International trade is constantly growing. While the number of shipments increases every year, the capacity at the borders remains fairly the same. This puts a burden on customs and ports. Currently, the clearance processes in Cambodia and Sri Lanka rely mostly on paper documents. With growing quantities these paper-based procedures have reached their limits and hinder a faster flow of goods. Facilitating trade is important for Cambodia and Sri Lanka to keep up with global supply chains and to enhance their economic development.
The customs authorities of Cambodia and Sri Lanka receive relevant sea cargo information (e.g. cargo manifest, certificate of origin) 24 hours prior to the arrival of a container vessel. This leaves only a short period of time to perform all relevant checks to release the goods. However, all information is already known many weeks in advance to other parties in the supply chain, such as the exporters or shipping lines. Currently, this information is not shared with customs authorities. Thus, clearance processes cannot be planned ahead effectively. The inefficient handling of data leads to longer transit and handling times for companies and prevents a smooth flow of cargo – resulting in increased costs for businesses and customs itself.
WHAT WE DO
In the ‘Digitising Global Maritime Trade’ (DGMT) project, public and private sector partners work together to improve customs’ digital access to advance sea cargo information in Cambodia and Sri Lanka. The customs authorities can use this data to perform risk analysis and plan the clearing process of sea cargo prior to its arrival at the port. The core of the project is to provide advice on the design and implementation of digital procedures that allow for risk-based pre-arrival and pre-departure processing of sea cargo. The project activities can be divided into three components.
In Component 1 (completed) the new software ASYHUB Maritime was developed by the United Nations Conference on Trade and Development (UNCTAD). The software enables the digital exchange of advance sea cargo information with the piloting customs authorities in Sri Lanka and Cambodia, who use ASYCUDAWorld, and shipping data platforms, such as TradeLens.
After testing the setup of the ASYHUB system, piloting began and is currently in progress under Component 2. To ensure that the new digital processes meet all requirements, the customs authorities’ current organisational and operational environment is analysed. The analysis also includes the IT infrastructure in place and the country’s regulatory framework. The next step after the assessment is to deploy a bespoke version of the software to the customs authorities’ operational environment.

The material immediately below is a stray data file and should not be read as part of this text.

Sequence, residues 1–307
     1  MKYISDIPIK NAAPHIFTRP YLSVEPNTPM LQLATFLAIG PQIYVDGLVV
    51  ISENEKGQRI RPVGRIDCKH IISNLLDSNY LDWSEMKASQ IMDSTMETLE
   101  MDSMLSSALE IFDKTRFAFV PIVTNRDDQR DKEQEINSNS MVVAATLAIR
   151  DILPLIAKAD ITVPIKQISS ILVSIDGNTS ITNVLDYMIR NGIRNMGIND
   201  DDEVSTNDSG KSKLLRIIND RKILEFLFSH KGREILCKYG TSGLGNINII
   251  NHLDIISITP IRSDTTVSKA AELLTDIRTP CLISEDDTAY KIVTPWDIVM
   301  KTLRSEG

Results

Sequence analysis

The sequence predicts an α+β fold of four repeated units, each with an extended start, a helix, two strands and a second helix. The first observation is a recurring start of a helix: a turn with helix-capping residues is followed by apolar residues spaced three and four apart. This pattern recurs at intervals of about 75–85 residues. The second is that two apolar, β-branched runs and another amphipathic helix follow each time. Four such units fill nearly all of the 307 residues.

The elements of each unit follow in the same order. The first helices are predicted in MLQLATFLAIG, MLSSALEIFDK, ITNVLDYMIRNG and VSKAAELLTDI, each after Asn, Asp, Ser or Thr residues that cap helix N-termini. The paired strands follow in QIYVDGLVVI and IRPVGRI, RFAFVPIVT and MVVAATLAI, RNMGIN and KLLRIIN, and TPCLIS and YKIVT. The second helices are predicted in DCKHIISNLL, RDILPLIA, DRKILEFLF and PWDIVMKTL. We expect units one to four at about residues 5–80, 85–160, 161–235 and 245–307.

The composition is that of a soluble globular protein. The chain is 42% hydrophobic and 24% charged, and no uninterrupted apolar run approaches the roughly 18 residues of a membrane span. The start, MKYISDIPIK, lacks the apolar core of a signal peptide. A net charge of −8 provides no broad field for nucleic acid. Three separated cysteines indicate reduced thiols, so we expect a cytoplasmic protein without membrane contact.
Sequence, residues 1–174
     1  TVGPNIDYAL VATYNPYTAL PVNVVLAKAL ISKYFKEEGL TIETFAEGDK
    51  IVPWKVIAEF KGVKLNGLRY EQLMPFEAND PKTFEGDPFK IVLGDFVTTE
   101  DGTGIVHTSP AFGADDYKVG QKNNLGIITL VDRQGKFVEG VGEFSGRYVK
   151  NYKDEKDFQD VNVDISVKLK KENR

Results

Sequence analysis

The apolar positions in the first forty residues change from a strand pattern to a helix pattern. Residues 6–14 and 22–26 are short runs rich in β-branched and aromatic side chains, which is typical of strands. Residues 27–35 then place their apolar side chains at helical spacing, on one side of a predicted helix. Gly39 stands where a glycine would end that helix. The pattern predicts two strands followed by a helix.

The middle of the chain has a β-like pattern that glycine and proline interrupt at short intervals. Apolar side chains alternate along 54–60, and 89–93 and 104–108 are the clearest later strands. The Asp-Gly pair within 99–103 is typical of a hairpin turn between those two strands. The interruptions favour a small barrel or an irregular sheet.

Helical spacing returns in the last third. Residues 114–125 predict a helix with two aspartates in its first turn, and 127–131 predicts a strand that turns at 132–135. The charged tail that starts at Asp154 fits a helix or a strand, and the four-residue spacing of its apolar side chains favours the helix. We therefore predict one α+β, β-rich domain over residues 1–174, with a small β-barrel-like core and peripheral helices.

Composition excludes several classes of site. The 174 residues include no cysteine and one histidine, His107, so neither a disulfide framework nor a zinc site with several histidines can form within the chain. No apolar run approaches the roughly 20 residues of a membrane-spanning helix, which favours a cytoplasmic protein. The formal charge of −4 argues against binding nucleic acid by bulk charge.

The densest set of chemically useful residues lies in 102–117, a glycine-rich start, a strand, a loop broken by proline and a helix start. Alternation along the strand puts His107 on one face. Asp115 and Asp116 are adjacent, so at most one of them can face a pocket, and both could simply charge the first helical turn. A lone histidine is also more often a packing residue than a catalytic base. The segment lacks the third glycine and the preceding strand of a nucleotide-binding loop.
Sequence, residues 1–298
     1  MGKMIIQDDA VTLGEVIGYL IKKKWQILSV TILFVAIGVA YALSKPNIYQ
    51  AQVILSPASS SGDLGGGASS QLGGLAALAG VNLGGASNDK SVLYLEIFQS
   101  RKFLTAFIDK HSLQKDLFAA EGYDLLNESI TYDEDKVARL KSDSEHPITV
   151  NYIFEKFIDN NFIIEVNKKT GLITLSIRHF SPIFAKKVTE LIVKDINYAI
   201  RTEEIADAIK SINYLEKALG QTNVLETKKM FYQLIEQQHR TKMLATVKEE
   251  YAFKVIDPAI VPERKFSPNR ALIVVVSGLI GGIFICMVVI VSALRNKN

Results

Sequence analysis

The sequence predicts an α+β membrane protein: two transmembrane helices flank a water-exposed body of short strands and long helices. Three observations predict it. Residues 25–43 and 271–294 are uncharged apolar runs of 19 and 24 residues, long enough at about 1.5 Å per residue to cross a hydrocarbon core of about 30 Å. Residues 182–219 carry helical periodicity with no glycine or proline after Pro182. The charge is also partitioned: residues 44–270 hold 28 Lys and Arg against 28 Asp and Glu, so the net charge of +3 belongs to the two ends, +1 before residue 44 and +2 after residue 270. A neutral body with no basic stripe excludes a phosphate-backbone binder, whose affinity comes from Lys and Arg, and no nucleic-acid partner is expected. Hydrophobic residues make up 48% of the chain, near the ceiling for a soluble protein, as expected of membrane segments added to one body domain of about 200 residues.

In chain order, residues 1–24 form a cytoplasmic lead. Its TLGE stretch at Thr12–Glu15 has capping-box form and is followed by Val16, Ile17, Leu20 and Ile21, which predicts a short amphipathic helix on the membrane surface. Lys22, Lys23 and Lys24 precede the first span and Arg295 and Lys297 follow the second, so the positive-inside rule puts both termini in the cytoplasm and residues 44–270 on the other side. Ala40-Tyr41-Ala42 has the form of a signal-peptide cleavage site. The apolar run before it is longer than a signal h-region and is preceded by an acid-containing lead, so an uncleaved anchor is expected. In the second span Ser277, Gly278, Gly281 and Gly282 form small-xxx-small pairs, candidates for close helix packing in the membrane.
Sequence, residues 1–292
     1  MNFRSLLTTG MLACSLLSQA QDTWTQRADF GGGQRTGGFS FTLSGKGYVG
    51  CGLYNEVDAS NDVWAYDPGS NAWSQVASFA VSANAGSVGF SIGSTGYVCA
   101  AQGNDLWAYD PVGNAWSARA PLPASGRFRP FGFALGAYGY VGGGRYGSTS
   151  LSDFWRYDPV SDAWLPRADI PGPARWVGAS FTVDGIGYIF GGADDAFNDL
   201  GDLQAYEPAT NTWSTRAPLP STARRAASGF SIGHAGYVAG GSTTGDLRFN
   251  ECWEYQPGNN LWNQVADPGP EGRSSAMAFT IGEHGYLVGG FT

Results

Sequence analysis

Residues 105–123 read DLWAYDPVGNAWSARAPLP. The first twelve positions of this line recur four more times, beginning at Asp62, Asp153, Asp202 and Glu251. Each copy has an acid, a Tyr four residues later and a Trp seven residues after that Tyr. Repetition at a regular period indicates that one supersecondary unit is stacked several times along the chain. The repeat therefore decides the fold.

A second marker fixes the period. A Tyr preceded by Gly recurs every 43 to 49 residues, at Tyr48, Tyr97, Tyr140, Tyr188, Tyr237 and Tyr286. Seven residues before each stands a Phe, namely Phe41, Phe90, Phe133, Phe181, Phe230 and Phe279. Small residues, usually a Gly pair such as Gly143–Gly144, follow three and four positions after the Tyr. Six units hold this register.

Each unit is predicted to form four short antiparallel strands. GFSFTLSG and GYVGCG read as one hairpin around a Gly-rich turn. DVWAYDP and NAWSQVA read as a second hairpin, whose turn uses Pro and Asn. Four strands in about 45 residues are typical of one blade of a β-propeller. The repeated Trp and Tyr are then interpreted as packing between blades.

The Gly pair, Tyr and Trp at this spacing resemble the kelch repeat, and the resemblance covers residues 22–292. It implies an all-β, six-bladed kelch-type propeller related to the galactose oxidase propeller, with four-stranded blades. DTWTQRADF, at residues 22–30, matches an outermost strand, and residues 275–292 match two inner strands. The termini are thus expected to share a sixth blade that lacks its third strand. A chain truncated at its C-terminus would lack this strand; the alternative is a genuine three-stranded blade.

The piloting involves trainings for customs officers as well private sector stakeholders submitting cargo declarations. Across all activities the project facilitates the exchange between public and private sector stakeholders as changes in existing processes are to be accepted and implemented later on by both sides.
The TradeLens platform, which covers more than a half of global containerised trade, has been engaged as one of the project partners from the beginning. Within the project, TradeLens provides advance sea cargo data to test the integration with ASYHUB and the customs authorities. Other trade information providers are also included as the supported solution is open to all interested parties.
In Component 3 awareness raising and upscaling are foreseen. The two pilot countries will share their experiences with other customs authorities to initiate an uptake of the approach in further countries.
The access to digital information will allow customs authorities to process cargo prior to arrival and departure.
Customs authorities can determine earlier which goods to inspect, and which to release. It makes the work of customs officers easier and allows them to focus their time on relevant checks instead of handling paperwork.
Businesses know whether a container will be released upon arrival/departure or whether it will be physically inspected at the port. Thus, they can plan further logistics handling ahead of time.
All in all, this reduces the time and costs of maritime trade for importers, exporters and customs authorities.